rigid

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See also: rígid

English[edit]

Etymology[edit]

From Latin rigidus(stiff), from rigeō(to be stiff). Compare rigor.

Pronunciation[edit]

Adjective[edit]

rigid ‎(comparative rigider or more rigid, superlative rigidest or most rigid)

  1. Stiff, rather than flexible.
  2. Fixed, rather than moving.
    • 2011,David Foster Wallace, The Pale King,Penguin Books, page 5:
      A sunflower, four more, one bowed, and horses in the distance standing rigid and still as toys.
  3. Rigorous and unbending.
  4. Uncompromising.

Synonyms[edit]

Antonyms[edit]

Derived terms[edit]

Related terms[edit]

Translations[edit]

The translations below need to be checked and inserted above into the appropriate translation tables, removing any numbers. Numbers do not necessarily match those in definitions. See instructions at Help:How to check translations.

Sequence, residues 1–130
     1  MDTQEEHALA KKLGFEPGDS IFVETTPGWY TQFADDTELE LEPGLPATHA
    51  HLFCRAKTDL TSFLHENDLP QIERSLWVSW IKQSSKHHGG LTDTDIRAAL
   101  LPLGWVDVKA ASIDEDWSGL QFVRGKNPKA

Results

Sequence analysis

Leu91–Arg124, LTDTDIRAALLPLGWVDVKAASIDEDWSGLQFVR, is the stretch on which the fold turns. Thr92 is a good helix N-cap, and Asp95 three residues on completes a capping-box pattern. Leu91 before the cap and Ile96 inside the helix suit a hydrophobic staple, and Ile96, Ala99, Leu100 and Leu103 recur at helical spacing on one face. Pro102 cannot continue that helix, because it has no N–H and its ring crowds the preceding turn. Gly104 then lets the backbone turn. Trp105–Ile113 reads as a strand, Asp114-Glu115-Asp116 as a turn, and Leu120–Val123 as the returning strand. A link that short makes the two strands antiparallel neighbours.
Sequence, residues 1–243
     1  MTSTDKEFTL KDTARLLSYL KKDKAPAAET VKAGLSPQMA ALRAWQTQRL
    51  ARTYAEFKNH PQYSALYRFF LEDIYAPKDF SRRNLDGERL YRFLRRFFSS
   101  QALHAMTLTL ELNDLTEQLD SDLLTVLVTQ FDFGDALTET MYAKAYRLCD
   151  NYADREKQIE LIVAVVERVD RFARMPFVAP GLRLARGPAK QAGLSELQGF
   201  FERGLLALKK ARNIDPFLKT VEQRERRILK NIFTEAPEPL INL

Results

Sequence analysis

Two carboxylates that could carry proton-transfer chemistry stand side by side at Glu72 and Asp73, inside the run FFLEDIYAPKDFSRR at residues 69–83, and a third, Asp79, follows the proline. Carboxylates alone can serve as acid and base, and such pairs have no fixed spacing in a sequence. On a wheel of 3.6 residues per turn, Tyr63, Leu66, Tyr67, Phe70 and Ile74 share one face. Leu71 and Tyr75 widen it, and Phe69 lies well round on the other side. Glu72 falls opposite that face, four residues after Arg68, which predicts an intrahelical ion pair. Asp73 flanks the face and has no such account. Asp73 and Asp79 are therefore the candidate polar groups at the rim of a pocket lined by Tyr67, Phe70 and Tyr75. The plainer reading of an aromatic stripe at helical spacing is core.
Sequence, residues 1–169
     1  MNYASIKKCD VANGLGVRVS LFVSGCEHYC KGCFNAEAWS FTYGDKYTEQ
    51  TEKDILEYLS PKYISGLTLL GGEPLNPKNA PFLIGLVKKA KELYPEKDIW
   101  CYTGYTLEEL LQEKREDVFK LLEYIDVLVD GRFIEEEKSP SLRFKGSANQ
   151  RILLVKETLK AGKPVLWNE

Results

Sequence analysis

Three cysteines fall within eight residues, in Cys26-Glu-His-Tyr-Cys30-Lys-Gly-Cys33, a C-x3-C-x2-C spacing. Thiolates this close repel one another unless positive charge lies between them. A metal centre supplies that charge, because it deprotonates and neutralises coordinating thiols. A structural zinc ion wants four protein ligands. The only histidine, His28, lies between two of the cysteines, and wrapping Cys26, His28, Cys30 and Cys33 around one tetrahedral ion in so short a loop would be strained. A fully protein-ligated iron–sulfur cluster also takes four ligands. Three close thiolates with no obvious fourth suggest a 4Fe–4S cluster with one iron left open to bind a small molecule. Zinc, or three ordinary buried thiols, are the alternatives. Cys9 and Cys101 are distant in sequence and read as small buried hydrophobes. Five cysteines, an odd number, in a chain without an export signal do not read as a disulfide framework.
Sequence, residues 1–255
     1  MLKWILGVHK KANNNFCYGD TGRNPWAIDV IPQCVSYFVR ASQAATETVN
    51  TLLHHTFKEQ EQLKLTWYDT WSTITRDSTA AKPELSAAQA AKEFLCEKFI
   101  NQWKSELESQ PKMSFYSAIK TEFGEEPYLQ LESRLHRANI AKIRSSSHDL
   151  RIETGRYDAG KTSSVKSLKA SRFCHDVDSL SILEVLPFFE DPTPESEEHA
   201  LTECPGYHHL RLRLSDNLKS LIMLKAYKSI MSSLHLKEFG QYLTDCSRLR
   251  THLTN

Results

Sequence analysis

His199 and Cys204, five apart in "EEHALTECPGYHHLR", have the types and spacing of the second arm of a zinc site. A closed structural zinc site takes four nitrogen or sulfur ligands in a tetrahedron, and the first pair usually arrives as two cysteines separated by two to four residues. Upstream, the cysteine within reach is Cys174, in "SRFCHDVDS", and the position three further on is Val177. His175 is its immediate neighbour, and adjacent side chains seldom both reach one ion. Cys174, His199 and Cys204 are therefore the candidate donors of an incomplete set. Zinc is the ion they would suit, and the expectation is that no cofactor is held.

Noun[edit]

rigid ‎(plural rigids)

  1. A bicycle with no suspension system.

References[edit]


Old Irish[edit]

Etymology[edit]

EB1911 - Volume 01 - Page 001 - 1.svg This entry lacks etymological information. If you are familiar with the origin of this term, please add it to the page per etymology instructions. You can also discuss it at the Etymology scriptorium.

Verb[edit]

rigid

  1. to stretch, to distend

Inflection[edit]

References[edit]

  • rigid” in Dictionary of the Irish Language, Royal Irish Academy, 1913–76.